Xbox One – The Dashboard Is Currently Absolute Rubbish

x1 dash

The mighty virtually sword-wielding behemoth of a console, Xbox One, launched worldwide on November 22nd shifting well over One-Million-Units in a space of just 24 short hours. That is quite an impressive number given the Xbox 360 for its own launch weekend (2 day) sales was at seventy thousand in the US! Whilst no ‘official’ review of the Xbox One hardware is or will feature on thisisxbox.com as we are concentrating on the review batch of launch games for the unit – it is felt that something should be said for the Xbox One’s current dashboard state and the important features it lacks that make it feel like a step down from the Xbox 360 UI.

No Voice Messaging

It was already known that the Xbox One would not support cross console communication except for text messaging, but you might be surprised (as was I) that Xbox One to Xbox One gamers also can not send each other voice messages and are limited to text messaging only from the dashboard.

Missing Profile Options

Xbox 360 gamers can edit their profiles, view the profiles of others, read Bio’s, Motto’s and identify newly added friends requests. On the Xbox One, there is no option to edit any profile information other than Appear Online/Offline, Set Gamerpic, Privacy and Avatar settings. Viewing another gamers profile only tells you their gamertag, Friends, Followers and Rep. It does include recent activity, but information that might give you a bit of personality is missing. Friends are broken down into Friends and Followers – the system identifies how many new followers you have (those who sent you friends requests, but not requested back) but fails to give any indication as to who. The only way to find out is to go through and check if you are mutual friends, although now the 100 limit has been increased this will be somewhat of an effort in the near future.

Avatars

Xbox One gamers have the same Avatars as Xbox 360 gamers but no Avatar store. Avatars have no real prominence of the Xbox One dashboard and only generally visible now when you decide to use one for a gamerpic. Gamerpics have been improved and since the option to report an inappropriate gamerpic is available this gives some suggestion that gamers will be able to set their own pictures with Kinect (maybe) in the near future.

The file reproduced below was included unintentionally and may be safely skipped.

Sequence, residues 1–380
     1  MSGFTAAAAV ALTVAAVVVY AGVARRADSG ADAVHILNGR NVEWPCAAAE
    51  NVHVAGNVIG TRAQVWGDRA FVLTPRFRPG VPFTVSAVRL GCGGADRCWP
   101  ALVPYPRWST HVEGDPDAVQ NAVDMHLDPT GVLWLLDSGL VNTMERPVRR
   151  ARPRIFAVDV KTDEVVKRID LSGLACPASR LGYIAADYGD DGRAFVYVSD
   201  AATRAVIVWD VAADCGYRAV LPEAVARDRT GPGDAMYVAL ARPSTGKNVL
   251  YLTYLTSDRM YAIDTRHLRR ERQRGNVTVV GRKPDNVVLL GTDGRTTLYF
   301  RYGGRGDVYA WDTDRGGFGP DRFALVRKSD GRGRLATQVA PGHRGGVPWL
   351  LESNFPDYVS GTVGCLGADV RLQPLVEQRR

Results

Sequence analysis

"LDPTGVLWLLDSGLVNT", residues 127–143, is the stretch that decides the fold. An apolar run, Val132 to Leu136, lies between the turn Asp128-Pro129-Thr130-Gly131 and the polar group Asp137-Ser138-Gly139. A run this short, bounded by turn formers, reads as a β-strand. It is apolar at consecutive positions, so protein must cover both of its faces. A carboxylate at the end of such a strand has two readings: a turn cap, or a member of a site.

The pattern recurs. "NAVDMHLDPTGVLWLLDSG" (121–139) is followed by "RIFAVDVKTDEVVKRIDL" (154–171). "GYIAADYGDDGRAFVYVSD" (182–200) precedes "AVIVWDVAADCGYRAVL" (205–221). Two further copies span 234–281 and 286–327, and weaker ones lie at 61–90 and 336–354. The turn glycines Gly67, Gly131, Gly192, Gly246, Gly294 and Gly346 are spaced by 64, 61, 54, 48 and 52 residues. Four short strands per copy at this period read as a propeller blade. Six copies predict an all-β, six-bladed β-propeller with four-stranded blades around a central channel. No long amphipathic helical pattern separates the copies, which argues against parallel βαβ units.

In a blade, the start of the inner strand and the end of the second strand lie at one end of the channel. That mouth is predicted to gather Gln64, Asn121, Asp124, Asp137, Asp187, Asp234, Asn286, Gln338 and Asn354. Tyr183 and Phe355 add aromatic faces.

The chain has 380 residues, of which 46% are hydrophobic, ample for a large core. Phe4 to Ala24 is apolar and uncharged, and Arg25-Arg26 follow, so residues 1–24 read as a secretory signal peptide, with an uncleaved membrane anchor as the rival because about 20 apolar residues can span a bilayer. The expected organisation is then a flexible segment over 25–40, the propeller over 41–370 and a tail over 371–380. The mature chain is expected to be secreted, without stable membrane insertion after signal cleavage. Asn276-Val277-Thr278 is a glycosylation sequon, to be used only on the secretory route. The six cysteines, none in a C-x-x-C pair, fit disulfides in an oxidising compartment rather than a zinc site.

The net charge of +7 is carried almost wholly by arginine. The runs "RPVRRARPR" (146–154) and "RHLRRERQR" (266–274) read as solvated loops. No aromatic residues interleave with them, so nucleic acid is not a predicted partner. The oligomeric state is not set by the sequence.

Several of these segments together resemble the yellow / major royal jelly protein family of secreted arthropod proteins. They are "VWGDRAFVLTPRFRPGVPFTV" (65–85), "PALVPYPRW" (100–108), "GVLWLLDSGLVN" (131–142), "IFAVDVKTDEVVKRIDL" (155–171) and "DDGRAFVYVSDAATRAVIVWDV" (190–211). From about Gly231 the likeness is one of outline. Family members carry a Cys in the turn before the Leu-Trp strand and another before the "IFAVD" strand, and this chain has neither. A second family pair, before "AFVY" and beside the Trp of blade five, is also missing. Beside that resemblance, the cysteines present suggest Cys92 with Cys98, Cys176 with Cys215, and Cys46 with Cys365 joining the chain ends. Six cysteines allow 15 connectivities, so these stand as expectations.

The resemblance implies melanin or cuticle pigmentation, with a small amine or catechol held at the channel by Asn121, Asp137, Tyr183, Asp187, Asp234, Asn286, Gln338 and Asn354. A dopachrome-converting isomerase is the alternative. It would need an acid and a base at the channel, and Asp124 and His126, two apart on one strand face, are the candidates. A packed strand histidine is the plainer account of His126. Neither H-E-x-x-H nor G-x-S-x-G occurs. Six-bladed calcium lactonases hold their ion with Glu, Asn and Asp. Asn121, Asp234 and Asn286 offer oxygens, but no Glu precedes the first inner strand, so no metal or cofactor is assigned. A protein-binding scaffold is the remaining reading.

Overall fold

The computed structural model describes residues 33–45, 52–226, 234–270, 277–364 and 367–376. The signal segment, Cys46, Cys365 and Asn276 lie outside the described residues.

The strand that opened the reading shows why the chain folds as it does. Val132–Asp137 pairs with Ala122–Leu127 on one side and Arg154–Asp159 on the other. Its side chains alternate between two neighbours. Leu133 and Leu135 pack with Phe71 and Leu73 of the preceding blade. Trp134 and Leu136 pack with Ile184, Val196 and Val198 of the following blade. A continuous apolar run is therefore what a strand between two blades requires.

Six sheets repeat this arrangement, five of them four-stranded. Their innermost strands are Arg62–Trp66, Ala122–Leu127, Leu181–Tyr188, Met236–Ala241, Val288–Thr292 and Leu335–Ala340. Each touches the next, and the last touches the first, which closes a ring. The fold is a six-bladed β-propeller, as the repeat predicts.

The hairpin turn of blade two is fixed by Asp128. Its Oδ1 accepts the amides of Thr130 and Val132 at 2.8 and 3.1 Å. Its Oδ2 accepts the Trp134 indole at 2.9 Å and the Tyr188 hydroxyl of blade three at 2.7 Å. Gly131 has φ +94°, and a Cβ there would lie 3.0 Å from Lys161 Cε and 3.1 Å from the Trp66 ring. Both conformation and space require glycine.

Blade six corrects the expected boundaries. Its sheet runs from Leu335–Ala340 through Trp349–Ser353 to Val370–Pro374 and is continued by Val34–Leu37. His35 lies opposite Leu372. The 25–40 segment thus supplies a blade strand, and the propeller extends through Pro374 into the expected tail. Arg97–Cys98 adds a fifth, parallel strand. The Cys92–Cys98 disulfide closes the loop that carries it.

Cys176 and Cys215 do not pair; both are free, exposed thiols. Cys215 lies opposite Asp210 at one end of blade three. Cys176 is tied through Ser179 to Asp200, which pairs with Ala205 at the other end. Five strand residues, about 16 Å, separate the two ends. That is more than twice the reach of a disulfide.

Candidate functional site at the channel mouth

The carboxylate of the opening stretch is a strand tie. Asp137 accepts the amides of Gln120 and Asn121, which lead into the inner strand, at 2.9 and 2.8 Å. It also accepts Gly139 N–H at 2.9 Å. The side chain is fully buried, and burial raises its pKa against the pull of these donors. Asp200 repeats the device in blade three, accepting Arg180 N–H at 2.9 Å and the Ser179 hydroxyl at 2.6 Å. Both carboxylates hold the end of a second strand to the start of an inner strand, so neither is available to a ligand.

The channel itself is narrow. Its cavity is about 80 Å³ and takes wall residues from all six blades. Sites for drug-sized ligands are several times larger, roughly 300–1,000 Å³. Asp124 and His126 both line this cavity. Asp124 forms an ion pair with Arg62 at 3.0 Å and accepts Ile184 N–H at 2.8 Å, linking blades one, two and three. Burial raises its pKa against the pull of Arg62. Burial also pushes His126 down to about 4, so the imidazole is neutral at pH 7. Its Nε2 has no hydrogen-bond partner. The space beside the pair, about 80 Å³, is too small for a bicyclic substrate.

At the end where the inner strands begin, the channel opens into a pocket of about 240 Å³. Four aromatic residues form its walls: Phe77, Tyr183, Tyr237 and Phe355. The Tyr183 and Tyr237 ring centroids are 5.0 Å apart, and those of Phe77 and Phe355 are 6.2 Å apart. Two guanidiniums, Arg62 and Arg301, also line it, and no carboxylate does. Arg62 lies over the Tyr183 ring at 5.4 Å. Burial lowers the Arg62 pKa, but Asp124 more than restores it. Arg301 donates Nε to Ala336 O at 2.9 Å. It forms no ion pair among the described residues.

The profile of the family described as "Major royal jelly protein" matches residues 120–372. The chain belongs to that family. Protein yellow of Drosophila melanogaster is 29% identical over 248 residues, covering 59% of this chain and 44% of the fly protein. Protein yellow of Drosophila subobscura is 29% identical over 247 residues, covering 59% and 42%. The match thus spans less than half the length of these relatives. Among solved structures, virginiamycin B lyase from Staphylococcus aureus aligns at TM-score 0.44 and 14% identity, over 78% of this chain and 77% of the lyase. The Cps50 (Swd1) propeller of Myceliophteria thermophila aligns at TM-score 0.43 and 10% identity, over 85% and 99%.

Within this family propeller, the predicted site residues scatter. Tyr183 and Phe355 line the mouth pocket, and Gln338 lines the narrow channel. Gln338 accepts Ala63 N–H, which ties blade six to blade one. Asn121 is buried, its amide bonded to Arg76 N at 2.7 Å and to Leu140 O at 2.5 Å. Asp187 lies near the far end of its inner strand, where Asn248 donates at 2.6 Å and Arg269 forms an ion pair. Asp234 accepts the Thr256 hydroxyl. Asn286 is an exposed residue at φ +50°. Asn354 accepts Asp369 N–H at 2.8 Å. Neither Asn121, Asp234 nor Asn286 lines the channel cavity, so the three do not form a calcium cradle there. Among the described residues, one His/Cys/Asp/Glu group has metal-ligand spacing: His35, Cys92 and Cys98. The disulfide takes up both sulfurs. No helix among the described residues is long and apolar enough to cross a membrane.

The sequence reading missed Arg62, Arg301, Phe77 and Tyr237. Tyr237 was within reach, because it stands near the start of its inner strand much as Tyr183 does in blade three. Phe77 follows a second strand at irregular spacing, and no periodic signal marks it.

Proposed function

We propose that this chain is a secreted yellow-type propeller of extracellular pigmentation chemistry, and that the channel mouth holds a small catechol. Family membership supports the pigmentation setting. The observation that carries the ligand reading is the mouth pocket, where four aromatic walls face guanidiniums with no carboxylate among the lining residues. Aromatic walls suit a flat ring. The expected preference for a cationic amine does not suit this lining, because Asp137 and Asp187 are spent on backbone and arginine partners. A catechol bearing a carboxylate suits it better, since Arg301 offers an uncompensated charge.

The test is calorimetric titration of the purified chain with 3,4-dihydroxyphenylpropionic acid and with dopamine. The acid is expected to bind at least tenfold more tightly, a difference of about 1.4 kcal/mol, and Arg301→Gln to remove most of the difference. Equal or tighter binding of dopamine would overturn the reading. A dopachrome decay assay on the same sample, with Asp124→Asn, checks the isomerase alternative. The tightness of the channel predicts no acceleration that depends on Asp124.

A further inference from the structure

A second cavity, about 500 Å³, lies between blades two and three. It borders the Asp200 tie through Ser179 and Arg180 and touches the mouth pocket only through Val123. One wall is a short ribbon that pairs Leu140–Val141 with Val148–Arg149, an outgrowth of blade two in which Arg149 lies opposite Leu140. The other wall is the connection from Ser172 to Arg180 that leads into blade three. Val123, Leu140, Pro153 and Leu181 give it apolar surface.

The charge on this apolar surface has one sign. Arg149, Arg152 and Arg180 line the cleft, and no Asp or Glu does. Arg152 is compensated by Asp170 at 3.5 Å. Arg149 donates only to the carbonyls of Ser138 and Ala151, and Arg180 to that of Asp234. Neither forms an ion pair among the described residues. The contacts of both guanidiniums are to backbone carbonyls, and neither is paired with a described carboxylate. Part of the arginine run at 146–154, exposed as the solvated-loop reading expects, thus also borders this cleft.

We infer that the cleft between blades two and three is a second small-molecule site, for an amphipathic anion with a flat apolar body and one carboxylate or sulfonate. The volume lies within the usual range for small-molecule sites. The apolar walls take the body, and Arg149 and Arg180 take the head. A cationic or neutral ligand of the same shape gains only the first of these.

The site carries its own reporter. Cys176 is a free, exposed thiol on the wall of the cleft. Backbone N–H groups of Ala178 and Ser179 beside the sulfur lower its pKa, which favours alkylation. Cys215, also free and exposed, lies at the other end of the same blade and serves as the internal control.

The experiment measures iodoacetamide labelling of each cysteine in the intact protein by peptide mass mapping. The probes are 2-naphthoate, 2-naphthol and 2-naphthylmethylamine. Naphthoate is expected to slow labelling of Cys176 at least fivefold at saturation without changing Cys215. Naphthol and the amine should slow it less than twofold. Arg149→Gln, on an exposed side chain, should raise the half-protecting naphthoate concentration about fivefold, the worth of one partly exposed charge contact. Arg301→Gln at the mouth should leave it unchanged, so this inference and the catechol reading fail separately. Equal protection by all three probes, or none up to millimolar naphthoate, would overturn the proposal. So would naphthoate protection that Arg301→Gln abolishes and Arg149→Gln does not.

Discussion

Snap / Unsnap

It’s actually really annoying because to Unsnap with a controller is long winded if you are using the larger part of the screen. Having to go back to the Home tab, select the Snap panel and then B button out of it is awkward. The whole UI of the dash is a little bit awkward, a great start but definitely lots to be improved over time

No HDD Space Options

There is no way to see how much space you have used or have available on Xbox One, this may be to limit the shock that whilst 500GB seems a lot,  with some games racking up 40GB before updates and DLC Рthat 500GB could be swallowed up very quickly.

Games and Apps Grouped All Together

Oh yes, although you can Pin your favourites to the Pins tab on the front section of the dashboard (it is great) the console lists all games and apps side by side together as bloody great big squares. No view by options to show recently played, games only etc – think of the Windows Phone 8 app list when you swipe the start screen, but only this is horizontal!

Long Install Times

If you didn’t know before, you will now. The Xbox One does not play games from disc and every single game has to be installed to the HDD. Where as on the Xbox 360 this was a really quick process, on Xbox One it is absolutely painstakingly slow. RYSE: The Son of Rome took around 45 minutes to install from disc, Dead Rising 3 took around 30 minutes – it is an excrutiating wait for a gamer, but ultimately worth it as next-gen visuals (well current gen now) are amazing to see!

It Does Have Good Bits

Xbox One does have a lot of great features such as better voice control, UPLOAD studio to edit game DVR clips, use of Kinect to film you alongside those clips. The ability for multi-tasking between the games and the dashboard with no interuptions – and perhaps the best feature ever, the use of Kinect to scan QR codes for DLC and paid content! The outstanding quality of the games on offer is just fantastic (look out for our reviews), but with less dashboard features than the Xbox 360 it does in some ways feel like a step down.

Assumptions

It is rightfully assumed that Microsoft must be working to include better dashboard features in the near future, given that the Xbox 360 has received dash-updates for a number of years it is bound to be a matter of time before new planned additions are rolled out on Xbox One.

We’ll keep you posted, but if you have an Xbox One – why not share you thoughts in that little comments box below…it wont bite you!